When 26 year-old Nick Woodman retreated to Australia after an entrepreneurial failure, he had no idea that he was embarking on a journey which would lead him to owning a company valued at more than $2.25 billion just ten years later.

Despite intending only to enjoy a surfing trip with friends, he returned to the USA having founded GoPro – a company specialising in high-quality portable cameras, capable of capturing extreme sports from the athlete’s perspective. Today GoPro is synonymous with point-of-view footage, from surfing through to BASE jumping.

However, GoPro has been just as revolutionary for marketing as it has been for sport. The company has used its popularity on social media to allow its customers to market the product for them – for free.

How did GoPro recruit its community of advocates?

GoPro got the ball rolling on its cyclical marketing strategy by combining more traditional campaigns with User Generated Content (UGC). For example, GoPro’s sponsorship of Felix Baumgartner’s jump from space in 2012 allowed footage from the camera in his helmet to be live streamed around the world, giving viewers a sense of the product’s capabilities.

Moreover, this footage was used as the basis for GoPro’s Super Bowl advert in 2014 which, along with its sponsorship of elite athletes, reinforced the brand’s aspirational message.

By collaborating with athletes to create over 350 videos, amassing more than 50 million views online, GoPro promises its customers the same experiences as their heroes.

This is combined with true UGC, such as a partnership with Marriott which provided hotel guests with access to GoPro cameras during their stay in the hope that they would share the footage on social media.

Real world moments captured by real people.

Nick WoodmanCEO at GoPro

How did GoPro encourage customer engagement?

Customers who buy cameras as a result of GoPro’s initial campaigns then capture and share their own adventures, continuing the cycle of UGC.

To ensure that the brand was benefitting directly from UGC, GoPro developed its own system onto which customers could upload their footage, thus qualifying for the GoPro Awards. This rewards customers for the value they provide to GoPro, incentivising them to create better content, and thus earn better rewards.

GoPro is able to measure the benefits it receives from UGC by analysing engagement statistics and the amount of traffic and number of sales this results in. Meanwhile, the sales record speaks for itself as in both 2011 and 2014 the company increased its yearly revenue by upwards of $25 million.

Up to 6,000 videos with the GoPro tag are uploaded to social media each day, and no doubt many more hours of untagged footage are uploaded also. This is key to the company’s ability to consistently increase revenue while adding only $50,000 to its total marketing budget over this period.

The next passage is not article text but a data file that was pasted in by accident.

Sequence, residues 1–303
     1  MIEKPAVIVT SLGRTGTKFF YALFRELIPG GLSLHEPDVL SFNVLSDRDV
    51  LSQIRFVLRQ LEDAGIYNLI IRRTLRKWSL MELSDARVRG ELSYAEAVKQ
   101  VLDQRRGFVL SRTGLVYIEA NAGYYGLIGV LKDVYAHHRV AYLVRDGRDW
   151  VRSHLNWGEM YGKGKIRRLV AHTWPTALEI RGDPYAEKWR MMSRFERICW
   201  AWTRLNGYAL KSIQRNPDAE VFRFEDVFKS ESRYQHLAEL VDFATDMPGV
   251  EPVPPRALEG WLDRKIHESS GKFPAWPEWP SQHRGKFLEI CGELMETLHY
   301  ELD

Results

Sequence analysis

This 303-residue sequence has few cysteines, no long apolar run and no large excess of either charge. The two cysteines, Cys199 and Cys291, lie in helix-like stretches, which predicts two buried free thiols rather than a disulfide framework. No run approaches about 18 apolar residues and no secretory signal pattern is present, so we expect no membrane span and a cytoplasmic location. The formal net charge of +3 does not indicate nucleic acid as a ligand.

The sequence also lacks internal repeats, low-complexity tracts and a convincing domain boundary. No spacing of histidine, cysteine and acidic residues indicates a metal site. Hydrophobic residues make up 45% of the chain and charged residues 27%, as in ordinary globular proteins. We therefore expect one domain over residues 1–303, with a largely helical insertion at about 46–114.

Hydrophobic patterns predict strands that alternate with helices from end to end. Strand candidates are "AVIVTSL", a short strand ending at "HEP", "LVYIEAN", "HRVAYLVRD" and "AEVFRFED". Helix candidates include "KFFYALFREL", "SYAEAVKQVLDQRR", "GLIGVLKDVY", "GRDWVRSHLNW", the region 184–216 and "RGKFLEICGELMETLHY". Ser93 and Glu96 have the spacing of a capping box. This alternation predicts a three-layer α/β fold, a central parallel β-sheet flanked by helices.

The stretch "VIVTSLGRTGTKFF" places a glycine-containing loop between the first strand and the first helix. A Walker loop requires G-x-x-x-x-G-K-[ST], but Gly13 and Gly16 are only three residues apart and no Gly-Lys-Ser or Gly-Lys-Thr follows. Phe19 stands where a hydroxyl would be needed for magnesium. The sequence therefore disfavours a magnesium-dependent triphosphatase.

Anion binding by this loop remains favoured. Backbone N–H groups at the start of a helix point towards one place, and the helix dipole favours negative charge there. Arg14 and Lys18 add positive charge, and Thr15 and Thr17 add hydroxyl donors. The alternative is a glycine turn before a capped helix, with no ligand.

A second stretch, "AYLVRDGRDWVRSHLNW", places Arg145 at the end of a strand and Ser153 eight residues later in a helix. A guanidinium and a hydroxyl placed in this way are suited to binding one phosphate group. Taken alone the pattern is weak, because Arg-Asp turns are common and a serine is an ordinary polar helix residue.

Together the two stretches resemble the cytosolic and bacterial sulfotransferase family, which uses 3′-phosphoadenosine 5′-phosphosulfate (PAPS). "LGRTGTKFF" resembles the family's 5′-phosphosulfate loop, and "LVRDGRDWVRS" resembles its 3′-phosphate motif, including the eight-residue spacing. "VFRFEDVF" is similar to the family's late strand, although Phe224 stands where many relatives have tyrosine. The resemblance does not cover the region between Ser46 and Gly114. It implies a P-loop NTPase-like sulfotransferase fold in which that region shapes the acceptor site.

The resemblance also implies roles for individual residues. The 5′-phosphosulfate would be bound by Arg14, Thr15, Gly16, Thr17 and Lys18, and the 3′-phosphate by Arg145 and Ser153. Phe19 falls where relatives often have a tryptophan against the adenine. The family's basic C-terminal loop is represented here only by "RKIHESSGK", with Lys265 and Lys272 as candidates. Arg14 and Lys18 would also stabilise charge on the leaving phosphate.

The GoPro media team curates the co-creation process, exploring the footage uploaded by customers and finding the freshest and most exciting content. By treating them as collaborators, GoPro instils a sense of ownership in its customers, inspiring loyalty to the brand while simultaneously keeping marketing costs stable.

What’s fun about our content is that there’s something new online for us to consider every day that we walk into the building.

Paul CrandellSenior Vice-President of Marketing at GoPro

How does GoPro reward its customers for UGC?

The aforementioned GoPro Awards scheme encourages users to upload content with incentives based on the value it adds to the brand. Rewards can be redeemed in the form of cash, stash and status.

That is, creators can be compensated financially, with early access to GoPro merchandise, or simply by being tagged in the footage. The latter of these is a particularly powerful incentive as customers’ social status would be boosted by having their personal social media account endorsed by GoPro.

By incentivising its customers to generate content, a continually wider network of potential customers is exposed to GoPro, at a fraction of the cost of a traditional marketing campaign.

What can we learn from GoPro?

GoPro’s strength has been noticing the opportunities available to it and manoeuvring to embed these into its own ecosystems. By building its marketing strategy around User Generated Content, it has achieved perpetual, sustainable growth at a low cost.

By treating its customers as valued collaborators, GoPro has become one of the dominant voices in the technology industry.

John Sewell

Author John Sewell

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